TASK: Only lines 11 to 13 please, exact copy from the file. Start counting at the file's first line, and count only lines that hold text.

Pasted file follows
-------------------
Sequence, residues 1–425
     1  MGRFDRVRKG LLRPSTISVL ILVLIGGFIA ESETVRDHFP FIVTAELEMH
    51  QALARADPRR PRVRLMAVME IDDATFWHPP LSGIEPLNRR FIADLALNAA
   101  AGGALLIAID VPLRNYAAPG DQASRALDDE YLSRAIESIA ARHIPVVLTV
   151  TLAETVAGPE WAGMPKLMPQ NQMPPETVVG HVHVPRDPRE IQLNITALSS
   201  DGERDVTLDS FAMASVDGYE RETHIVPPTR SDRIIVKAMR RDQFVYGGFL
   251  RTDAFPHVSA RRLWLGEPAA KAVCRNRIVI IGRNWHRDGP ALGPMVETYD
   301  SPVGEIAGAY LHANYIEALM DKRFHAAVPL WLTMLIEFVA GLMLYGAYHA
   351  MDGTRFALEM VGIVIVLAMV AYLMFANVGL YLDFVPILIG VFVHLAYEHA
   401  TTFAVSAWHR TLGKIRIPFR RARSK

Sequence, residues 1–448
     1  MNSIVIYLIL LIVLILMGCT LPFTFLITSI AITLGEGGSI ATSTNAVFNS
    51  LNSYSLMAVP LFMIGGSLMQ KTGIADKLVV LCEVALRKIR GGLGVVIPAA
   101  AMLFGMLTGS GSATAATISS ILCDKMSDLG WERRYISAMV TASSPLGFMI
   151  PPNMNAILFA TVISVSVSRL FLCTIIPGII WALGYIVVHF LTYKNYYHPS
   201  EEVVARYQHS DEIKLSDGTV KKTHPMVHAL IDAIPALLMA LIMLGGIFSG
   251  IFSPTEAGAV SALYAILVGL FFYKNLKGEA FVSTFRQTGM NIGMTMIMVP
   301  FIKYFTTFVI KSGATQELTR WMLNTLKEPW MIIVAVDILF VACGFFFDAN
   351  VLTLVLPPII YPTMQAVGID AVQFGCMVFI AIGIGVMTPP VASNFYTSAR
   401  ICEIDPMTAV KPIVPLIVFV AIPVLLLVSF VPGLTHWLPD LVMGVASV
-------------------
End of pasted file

Sequence, residues 1–448
     1  MNSIVIYLIL LIVLILMGCT LPFTFLITSI AITLGEGGSI ATSTNAVFNS
    51  LNSYSLMAVP LFMIGGSLMQ KTGIADKLVV LCEVALRKIR GGLGVVIPAA